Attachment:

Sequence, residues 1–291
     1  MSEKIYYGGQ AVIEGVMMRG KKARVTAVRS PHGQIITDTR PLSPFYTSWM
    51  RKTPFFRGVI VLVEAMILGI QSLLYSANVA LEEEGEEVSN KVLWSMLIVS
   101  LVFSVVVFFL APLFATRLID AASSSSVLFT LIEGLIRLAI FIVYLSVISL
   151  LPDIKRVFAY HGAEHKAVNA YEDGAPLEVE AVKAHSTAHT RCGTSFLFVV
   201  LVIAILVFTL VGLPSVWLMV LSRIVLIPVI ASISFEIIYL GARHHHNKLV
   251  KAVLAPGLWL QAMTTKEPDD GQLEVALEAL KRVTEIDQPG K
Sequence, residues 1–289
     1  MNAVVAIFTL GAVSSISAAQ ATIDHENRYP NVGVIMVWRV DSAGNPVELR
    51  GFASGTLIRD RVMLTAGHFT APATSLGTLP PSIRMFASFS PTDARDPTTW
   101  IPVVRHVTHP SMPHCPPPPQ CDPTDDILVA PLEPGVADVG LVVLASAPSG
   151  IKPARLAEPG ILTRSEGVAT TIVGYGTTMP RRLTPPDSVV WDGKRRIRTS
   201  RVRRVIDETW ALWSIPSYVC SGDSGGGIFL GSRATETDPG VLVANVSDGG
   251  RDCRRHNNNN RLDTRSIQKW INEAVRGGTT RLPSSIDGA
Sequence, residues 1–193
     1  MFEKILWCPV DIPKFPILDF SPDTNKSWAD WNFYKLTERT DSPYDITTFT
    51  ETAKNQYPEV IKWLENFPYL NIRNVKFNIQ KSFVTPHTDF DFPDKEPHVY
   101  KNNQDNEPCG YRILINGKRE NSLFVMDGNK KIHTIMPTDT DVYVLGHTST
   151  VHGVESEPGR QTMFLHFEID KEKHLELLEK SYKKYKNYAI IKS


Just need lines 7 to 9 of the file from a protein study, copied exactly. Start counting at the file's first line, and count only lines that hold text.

   251  KAVLAPGLWL QAMTTKEPDD GQLEVALEAL KRVTEIDQPG K
Sequence, residues 1–289
     1  MNAVVAIFTL GAVSSISAAQ ATIDHENRYP NVGVIMVWRV DSAGNPVELR